The death of Nigel Todd


I have a packet of Northumberland Wildflower Seeds given to me by Nigel Todd. The mix contains flowers that will thrive in harmony with our local ecosystem. It speaks to his ecological sensitivity and profound sense of place.

High on the wall of Newcastle’s Stowell Street is a stone carving of a sheaf of wheat, a spade and a sickle.“Labor and wait” reads the motto. It’s on the side of the old Co-operative warehouse. “It’s a reminder,” Nigel told me, “that prosperity is about long term sustainability.”

The fruits of our labour would take time, and hard graft.

His sudden death this weekend has opened a void in my heart. I can only begin to imagine what his family must be feeling.

“The old world is dying and the new world struggles to be born,” wrote Antonio Gramsci.

Nigel’s work in Wingrove and Arthur’s Hill was about building that new world. Here and now. In the mess and madness of the old. And he was both a genius and an expert in what he did.

Where others would rail at injustice, Nigel acted. He had little patience for vainglorious committee meetings, and once remarked quietly, “we’re just actors in a play that has neither audience nor script.”

He was Chair of the Co-operative College. This was never about co-operatives in the abstract. His home was part of a housing cooperative. He was the driving force behind Greening Wingrove, a community cooperative, owned and run by the people who live there.

The Bike Garden and the events in Nuns Moor Park are part of that new world. Nigel had been working with the team at the North of Tyne, on our sustainable funding for communities to tackle climate change and food poverty. Everything from vertical veg growing to generation of clean community energy was in the mix. Tommy Tankie, his topiary steam train sculpted from privet, brightened up the terraced street right outside his home. Talking about it would raise that characteristic smile of warmth and sparkle of gentle subversion in his eyes. Nigel served his community as a Newcastle City Councillor since 1980. I asked his advice before I became a councillor.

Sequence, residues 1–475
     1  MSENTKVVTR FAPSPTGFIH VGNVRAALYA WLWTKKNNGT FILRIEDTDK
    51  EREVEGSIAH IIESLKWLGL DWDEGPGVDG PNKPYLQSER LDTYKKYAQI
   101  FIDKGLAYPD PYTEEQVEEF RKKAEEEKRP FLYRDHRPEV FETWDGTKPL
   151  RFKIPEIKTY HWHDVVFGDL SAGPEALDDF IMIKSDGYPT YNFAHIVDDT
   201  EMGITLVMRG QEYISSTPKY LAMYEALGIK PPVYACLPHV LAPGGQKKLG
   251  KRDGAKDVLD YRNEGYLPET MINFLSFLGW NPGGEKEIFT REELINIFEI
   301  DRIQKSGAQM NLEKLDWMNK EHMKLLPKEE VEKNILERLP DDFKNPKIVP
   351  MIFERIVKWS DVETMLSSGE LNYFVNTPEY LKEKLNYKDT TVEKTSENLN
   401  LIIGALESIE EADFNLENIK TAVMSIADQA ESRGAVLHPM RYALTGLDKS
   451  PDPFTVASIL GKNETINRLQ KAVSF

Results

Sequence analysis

“I’ve always taken the approach,” he told me, “that a councillor should not be a cheerleader for the council out in the community, but a shop-steward for the community inside the council.”

I hope the Labour Party honours Nigel’s commitment to democracy by allowing local members to select their candidate for May’s elections. He held a total belief in shared humanity across race, gender and ethnicity. Greening Wingrove uses the “Rainbow Ward” logo as a symbol of its diversity. He campaigned for international justice, and visited Rohingya refugee camps in Bangladesh, and educational trips to Auschwitz. His daughter Selina wrote that “like most children in the so-called post-war ‘golden age’ of social mobility, Nigel failed his eleven-plus examination and attended a secondary modern school until the age of fifteen.” And owed his education to the Labour movement. “In his late teens he became a clerk for the Workers Educational Association, an adult education organization founded by trade unionists and socialists in 1903. The WEA sent him to Ruskin College, a trade union-funded adult education college in Oxford, where he met my mother.”

A historian and adult educator by profession, he published three books. For him, education was about enrichment. It was history from below – not the kings and queens, but the ordinary heroes on the front line.

In Excited Times is about Tyneside’s struggles against the Blackshirts and British Fascism. Indeed I first met Nigel thirty-odd years ago as part of TWAFA – the anti-fascist movement. At that time there was a spate of violent attacks on anti-racist campaigners from organised fascist groups. I remember teaching Nigel some self-defence techniques. It’s fair to say his talents lay in other forms of struggle. He was a gifted storyteller. He had that gentle, “gather round and listen” voice, and an air of infectious calm. Nigel never sought glory or recognition. But he was a legend and a giant. With wise counsel and subtle wit he was mentor to so many.

“He was just so calm, all the time. I always found that remarkable and so unusual. He was one of the first people to welcome us into politics and I think nearly every socialist would be able to say the same.”

Nigel spent his life planting seeds, and watching them bloom.

(First published in The Chornicle and The Journal on 29th March 2021)